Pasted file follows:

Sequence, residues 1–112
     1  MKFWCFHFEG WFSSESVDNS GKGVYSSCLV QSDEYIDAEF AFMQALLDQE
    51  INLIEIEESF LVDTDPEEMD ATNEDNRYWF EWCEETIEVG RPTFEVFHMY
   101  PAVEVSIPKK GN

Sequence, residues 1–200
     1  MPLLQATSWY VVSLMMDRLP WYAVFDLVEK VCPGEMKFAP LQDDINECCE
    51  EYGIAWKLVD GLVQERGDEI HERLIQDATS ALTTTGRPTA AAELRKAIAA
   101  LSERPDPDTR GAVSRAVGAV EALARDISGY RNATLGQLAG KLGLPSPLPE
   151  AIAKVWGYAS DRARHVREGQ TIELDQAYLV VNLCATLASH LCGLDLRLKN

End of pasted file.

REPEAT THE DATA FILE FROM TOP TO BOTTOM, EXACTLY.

Sequence, residues 1–112
     1  MKFWCFHFEG WFSSESVDNS GKGVYSSCLV QSDEYIDAEF AFMQALLDQE
    51  INLIEIEESF LVDTDPEEMD ATNEDNRYWF EWCEETIEVG RPTFEVFHMY
   101  PAVEVSIPKK GN

Sequence, residues 1–200
     1  MPLLQATSWY VVSLMMDRLP WYAVFDLVEK VCPGEMKFAP LQDDINECCE
    51  EYGIAWKLVD GLVQERGDEI HERLIQDATS ALTTTGRPTA AAELRKAIAA
   101  LSERPDPDTR GAVSRAVGAV EALARDISGY RNATLGQLAG KLGLPSPLPE
   151  AIAKVWGYAS DRARHVREGQ TIELDQAYLV VNLCATLASH LCGLDLRLKN